Sydney Recording Studios: Fijian Music

Sydney Recording Studios: Fijian music combines the traditional Melanesian and Polynesian styles, as much of Fiji is influenced by these two cultures. However, other cultures, including the Indo-Fijians, have played a part in Fijian music as well. Folk music, traditional dances and different instruments are also largely involved with this type of music. The songs of Fiji are upbeat with beautiful rhythms and harmonies, and even the more modern music styles still convey aspects of ritualistic and traditional patterns.

Sydney Recording Studios: Fijian Folk Music

Fijian folk music includes a variety of instruments that give the music its unique and beautiful sound, along with traditional dances. Like their Polynesian neighbors, modern Fijians play the ukulele, guitar, mandolin and different indigenous instruments, most commonly the lali drums. These types of drums were once used as a form of communication to announce important events, such as births, deaths, wars and victories. Now the larger lali drums are used to call people to church or for social gatherings, while the smaller version (lali ni meke) is used to play music. The derua, which is made up of tubes of bamboo stamped onto mats or on the ground, is another Fijian percussion instrument.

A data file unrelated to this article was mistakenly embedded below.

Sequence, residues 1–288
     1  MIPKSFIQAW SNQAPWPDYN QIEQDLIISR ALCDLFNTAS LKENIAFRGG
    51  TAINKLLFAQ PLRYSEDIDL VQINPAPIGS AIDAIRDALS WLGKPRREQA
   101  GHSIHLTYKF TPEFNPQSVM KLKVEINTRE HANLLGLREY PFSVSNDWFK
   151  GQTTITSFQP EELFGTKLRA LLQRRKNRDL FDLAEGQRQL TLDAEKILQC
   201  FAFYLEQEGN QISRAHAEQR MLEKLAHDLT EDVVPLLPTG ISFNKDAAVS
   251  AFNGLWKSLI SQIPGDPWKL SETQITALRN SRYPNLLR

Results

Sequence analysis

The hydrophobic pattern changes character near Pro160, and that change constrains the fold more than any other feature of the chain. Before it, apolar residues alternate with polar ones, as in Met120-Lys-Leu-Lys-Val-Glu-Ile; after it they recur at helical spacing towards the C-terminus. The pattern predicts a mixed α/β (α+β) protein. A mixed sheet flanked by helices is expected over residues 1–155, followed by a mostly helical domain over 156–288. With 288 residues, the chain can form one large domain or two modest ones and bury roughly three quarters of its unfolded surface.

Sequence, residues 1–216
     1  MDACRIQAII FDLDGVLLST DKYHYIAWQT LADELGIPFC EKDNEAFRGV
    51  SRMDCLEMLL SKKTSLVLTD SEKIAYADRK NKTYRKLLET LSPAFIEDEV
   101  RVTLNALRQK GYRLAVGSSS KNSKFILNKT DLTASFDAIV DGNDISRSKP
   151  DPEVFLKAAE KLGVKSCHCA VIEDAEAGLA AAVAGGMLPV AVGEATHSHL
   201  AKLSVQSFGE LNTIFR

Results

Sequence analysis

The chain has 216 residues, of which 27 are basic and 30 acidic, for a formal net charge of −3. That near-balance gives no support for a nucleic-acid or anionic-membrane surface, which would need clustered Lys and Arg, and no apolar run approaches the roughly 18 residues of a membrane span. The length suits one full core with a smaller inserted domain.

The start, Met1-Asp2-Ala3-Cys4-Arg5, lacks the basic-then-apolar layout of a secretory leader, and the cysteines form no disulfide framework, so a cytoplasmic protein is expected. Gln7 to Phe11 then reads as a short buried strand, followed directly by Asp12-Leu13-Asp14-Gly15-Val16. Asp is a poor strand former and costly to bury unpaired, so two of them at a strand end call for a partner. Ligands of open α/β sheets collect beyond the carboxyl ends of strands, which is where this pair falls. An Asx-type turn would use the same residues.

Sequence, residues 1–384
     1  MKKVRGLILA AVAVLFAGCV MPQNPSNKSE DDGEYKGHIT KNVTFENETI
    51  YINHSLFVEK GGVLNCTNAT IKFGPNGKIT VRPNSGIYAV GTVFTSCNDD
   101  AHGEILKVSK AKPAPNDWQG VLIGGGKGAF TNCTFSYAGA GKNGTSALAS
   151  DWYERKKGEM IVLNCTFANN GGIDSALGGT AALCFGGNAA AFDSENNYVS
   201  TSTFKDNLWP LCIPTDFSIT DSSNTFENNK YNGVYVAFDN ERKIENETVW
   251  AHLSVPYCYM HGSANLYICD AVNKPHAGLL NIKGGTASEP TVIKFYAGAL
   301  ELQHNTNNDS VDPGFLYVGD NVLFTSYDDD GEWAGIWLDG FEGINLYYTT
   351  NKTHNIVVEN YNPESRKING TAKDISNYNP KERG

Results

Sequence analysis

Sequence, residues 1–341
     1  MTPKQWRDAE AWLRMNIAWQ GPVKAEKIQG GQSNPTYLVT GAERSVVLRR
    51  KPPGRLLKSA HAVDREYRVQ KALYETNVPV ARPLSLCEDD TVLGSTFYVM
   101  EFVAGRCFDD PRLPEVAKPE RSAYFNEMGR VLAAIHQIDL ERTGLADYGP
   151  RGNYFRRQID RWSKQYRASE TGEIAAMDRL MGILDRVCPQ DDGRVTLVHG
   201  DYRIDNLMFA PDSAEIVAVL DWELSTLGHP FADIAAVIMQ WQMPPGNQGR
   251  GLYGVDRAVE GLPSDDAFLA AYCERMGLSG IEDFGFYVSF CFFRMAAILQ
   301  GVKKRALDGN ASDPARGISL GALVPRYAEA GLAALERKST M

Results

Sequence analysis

Sydney Recording Studios: Fijian Music – the Meke

The Meke is a complex traditional Fijian spiritual folk dance that is combined with voices. The various types of Meke include the war dance, men’s or women’s fan dance, men’s spear dance, men’s club dance, women’s standing dance and men’s or women’s sitting dance. Men’s dance movements are vigorous, while the women display graceful and controlled movements. The Meke can be performed to narrate important events, such as the installment of a chief or a war.

Sydney Recording Studios: Fijian Pop

Fijian pop is the more modern style of music in Fiji, combining both Western and traditional Fijian styles. A few modern performers in Fiji include Nuku Katudrau and Danny Costello, while Laisa Vulakoro became renowned in the ‘80s for creating Vude, a style that combines Fijian island music, country, rock and roll, and disco.